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Response to KittyWampus (Original post)

Tue Aug 20, 2013, 07:42 PM

33. Big K&R

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Response to KittyWampus (Original post)

Tue Aug 20, 2013, 08:58 PM

34. There is a Native American map that has been produced by Aaron Carapella....

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Response to xocet (Reply #34)

Wed Aug 21, 2013, 01:36 PM

38. Thanks! good find ...nt

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Response to KittyWampus (Original post)

Wed Aug 21, 2013, 09:42 AM

35. It's incomplete, and some of the names are wrong.

It's a bit of an interesting question whether the names of Indian nations should be in "white-boy speak" or their own tongue, eh?

-- Mal

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Response to KittyWampus (Original post)


Response to KittyWampus (Original post)

Wed Aug 21, 2013, 12:34 PM

37. how to reconcile this guilt with some other guilt

I know we're already supposed to feel guilty about snatching away portions of the southwest from Mexico. So where is this supposed to fit into that guilt scheme? And are Latinos exempt from needing to feel guilt altogether? (I'm never sure if it's cool to pick on the decendents of the strangely less well know Spainish Empire.) Do they just get to leave the classroom while the white kids get beaten up by the teacher? There are still lots of questions that need to get answered before anyone can hope to start flinging this stuff into kid's faces.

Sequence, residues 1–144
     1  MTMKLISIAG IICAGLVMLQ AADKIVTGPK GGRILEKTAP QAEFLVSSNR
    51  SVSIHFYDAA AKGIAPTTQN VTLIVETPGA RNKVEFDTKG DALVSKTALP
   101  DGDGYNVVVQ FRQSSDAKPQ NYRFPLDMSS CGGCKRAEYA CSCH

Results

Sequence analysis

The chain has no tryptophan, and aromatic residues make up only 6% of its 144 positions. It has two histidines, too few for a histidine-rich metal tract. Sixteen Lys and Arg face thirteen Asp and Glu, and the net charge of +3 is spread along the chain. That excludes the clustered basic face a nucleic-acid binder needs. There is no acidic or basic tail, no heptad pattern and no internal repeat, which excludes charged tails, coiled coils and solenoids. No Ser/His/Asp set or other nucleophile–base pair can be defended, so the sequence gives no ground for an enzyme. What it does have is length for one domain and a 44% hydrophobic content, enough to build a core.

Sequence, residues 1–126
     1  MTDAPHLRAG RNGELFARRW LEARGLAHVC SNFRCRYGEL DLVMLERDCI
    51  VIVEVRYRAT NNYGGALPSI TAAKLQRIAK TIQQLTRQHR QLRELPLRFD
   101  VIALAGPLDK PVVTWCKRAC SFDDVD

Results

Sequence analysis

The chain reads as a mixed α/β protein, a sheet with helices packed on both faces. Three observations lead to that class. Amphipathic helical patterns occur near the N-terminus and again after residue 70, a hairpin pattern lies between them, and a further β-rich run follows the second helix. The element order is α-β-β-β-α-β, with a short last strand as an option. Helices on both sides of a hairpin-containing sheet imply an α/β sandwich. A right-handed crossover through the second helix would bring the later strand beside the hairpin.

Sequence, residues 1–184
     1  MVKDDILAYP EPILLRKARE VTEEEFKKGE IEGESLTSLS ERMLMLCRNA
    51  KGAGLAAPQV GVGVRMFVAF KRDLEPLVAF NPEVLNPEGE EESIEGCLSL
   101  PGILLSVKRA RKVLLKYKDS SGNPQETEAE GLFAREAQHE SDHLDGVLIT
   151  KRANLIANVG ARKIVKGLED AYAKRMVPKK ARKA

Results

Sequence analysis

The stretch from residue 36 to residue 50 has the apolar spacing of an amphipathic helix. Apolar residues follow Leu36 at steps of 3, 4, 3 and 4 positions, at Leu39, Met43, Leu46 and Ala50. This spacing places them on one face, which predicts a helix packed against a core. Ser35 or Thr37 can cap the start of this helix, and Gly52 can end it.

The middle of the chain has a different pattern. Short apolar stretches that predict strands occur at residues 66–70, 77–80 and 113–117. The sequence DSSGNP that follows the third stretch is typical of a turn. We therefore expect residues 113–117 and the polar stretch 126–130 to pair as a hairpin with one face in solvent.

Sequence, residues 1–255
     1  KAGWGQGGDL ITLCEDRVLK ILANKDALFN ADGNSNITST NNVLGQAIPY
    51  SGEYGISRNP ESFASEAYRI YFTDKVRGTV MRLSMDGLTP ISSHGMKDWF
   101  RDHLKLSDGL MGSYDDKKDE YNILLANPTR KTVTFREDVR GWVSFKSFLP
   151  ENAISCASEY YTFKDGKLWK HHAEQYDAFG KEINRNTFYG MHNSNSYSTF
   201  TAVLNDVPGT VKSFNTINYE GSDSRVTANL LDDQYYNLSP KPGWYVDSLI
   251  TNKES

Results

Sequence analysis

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Response to GaribaldiB5 (Reply #37)

Wed Aug 21, 2013, 08:13 PM

40. It's just an interesting, educational map.

I don't think guilt was implied.

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Response to KittyWampus (Original post)

Thu Aug 22, 2013, 12:13 AM

41. This is a map of Linguistic Groups;

I read that there were up to 500 'nations' in the Americas when Columbus first set foot 'over here'.

We humans aren't very nice people, are we?

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Response to KittyWampus (Original post)

Thu Aug 22, 2013, 07:42 AM

42. "Where today are the Pequot? Where are the Narragansett, the Mohican, the Pokanoket,

and many other once powerful tribes of our people? They have vanished before the avarice and the oppression of the White Man, as snow before a summer sun."--Chief Tecumseh, 1811

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Response to KittyWampus (Original post)

Sun Aug 25, 2013, 12:34 PM

43. absolutely !!!!

perhaps include more tribes.